Indian youth embark on global expedition to Antarctica
Aiming to spread the message of saving the planet, a select few youth, among other Indians are embarking on a global expedition to "the last great wilderness on earth" led by noted polar explorer and environmentalist Robert Swan.
New Delhi: Aiming to spread the message of saving the planet, a select few youth, among other Indians are embarking on a global expedition to "the last great wilderness on earth" led by noted polar explorer and environmentalist Robert Swan.
Drawn from diverse background ranging from a primary teacher in Pune to a technology analyst in Chandigarh, a team of about five Indians are set to join the main crew on February 28 in Ushuaia, Argentina, the southernmost city in the world, before heading to Antarctica on March 3.
The two-week long International Antarctic Expedition (IAE) 2013, under the leadership of British explorer Swan, will see over 30-40 participants from various parts of the world, who would join core `2041` main crew on board the `Sea Spirit` on their landmark southern sojourn.
For 23-year-old Anurag Maloo who teaches grade three kids in Pune, going to Antarctica is nothing short of a dream.
"The whole journey of it, from applying for the expedition to raising funds to now anticipating the great white Antarctica, it has taught me a lot of self-belief and has reaffirmed my faith in my ideas about environmental sustenance which I teach in my classroom," says Maloo.
The "larger purpose" of the `Antarctic-size exercise` drew him to this journey of a lifetime says Maloo who met Robert Swan at a motivational talk event a few years ago.
"It doesn`t matter, from where we come from. What matters, we are human beings born on our planet mother Earth and giving back with a sense of responsibility is what we intend to do. We believe in solving and curbing problems in one life time, not to pass that problem to the next generation," he says.
Sonal Asgotraa, 26, a Chandigarh-based technology analyst at a private firm is overwhelmed at being chosen for the journey.
"It hasn`t sunk in yet. Needless to say, I`m extremely thrilled at the same time extremely gratified and humbled as well. I`ll be seeing places that I have always seen on a map, which is hardly part of our geography lessons in the classroom and that is why this expedition holds such importance," says Sonal.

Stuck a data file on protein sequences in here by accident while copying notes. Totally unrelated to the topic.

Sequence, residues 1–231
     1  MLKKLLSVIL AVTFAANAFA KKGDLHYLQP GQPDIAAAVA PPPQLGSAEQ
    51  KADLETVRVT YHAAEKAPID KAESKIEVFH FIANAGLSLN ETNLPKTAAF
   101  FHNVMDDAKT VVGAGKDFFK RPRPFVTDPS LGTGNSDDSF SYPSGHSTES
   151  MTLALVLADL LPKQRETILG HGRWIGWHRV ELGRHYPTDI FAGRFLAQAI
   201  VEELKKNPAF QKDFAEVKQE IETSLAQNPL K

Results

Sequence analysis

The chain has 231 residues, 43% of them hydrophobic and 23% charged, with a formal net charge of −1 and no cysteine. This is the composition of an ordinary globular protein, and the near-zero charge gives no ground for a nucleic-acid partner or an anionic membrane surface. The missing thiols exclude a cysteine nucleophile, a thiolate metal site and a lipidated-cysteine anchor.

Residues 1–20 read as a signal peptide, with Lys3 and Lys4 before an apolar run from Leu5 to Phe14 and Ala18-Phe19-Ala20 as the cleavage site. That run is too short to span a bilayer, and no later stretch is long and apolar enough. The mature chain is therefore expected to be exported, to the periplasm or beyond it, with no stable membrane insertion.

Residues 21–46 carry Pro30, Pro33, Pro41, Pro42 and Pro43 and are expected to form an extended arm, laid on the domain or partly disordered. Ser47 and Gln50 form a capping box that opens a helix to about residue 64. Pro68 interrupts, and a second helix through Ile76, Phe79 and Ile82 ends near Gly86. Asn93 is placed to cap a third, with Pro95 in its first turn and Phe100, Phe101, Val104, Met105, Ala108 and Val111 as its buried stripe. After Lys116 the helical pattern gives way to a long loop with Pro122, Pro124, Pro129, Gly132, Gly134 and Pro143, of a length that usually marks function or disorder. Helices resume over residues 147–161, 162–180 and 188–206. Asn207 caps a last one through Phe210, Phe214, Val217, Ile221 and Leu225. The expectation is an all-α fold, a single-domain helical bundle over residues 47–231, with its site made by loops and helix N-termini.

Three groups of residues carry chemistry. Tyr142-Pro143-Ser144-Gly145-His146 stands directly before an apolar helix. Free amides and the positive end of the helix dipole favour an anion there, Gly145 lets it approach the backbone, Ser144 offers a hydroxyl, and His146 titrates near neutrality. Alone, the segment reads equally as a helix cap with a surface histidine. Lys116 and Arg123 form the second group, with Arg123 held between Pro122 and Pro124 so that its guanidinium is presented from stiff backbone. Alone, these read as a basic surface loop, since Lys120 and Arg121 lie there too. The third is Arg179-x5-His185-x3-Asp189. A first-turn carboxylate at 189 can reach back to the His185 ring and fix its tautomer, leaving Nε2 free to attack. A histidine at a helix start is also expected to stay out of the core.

"For me this would be a transformational journey. After we return, we`d like to create a fresh, personal diary and build a new tool for education in the context of Antarctica in particular, and environment in general," she says.
Sonal and Anurag would be meeting each other and fellow members of the expedition from India and abroad in Ushuaia on February 28 where they will be welcomed by Robert Swan and his team leaders. At Ushuaia, they will undergo a two-day official training programme to prepare themselves to withstand the rigours of the tough journey ahead.
Maloo says, "Oh! yes, Robert and his team are already there preparing the camps for us in Ushuaia and I think Robert`s journey and achievements as an extraordinary explorer inspires many as it did when the Expedition first began in 2003."
Robert Swan`s message to the world on his eponymous `2041 Foundation` official website exhorts youth to become future leaders and protectors of environment.
"As the last unspoiled wilderness on Earth, Antarctica is currently protected by the treaty prohibiting drilling and mining until 2041. Decisions made by today`s youth will impact our entire planet`s ecosystem and the future of life on Earth.
"It is our mission to build on this by informing, engaging and inspiring the next generation of leaders to take responsibility, be sustainable, and know that now is the time for action in policy development, sustainable business generation and future technologies," says Swan.
The IAE 2013 `Leadership on the Edge` programme would also equip all participants with leadership skills to make them clearly understand the role to be played by them as future leaders and protectors of the environment.
In the year 2041, the Antarctic Treaty 2041 is scheduled to come up for review as the Protocol on Environmental Protection to the treaty (signed on June 23, 1961) "could potentially be modified or amended".
The present voyage marks the 10th anniversary of the expedition works towards the "continuing protection of the Antarctic Treaty so that the last great wilderness on earth is never exploited".
Paras Loomba (26), a Delhi-based engineer who was part of the IAE 2012 team last year applauded the efforts of Anurag and Sonal in raising funds.
"...They have fought hard for their sponsorship which at times becomes difficult to come by for an environmental cause like this and they stand a chance to change and affect people when they come back as young leaders," says Loomba.
"Raising fund was itself a big challenge for me but I raised the 10-13 lakh amount needed through a mix of corporate sponsorship and individual philanthropy," says Maloo.
The expedition is set to pass through the historic Drake Passage. "Although they are aware of the size of waves and force of the gale winds there, one has to be there to actually experience the thrill of it all. You will actually feel your body parts moving inside you as the ship navigates the choppy waters," Loomba said of his experience.
Another experience the expedition members are looking forward is to meet penguins.
"Oh! Though I`m not a swimmer I want to do that crazy thing too of taking those famous polar plunges. That would be a little way to forever and indelibly mark my eventful journey to the great white canvas of the earth," says Sonal.
The expedition is set to end on March 13.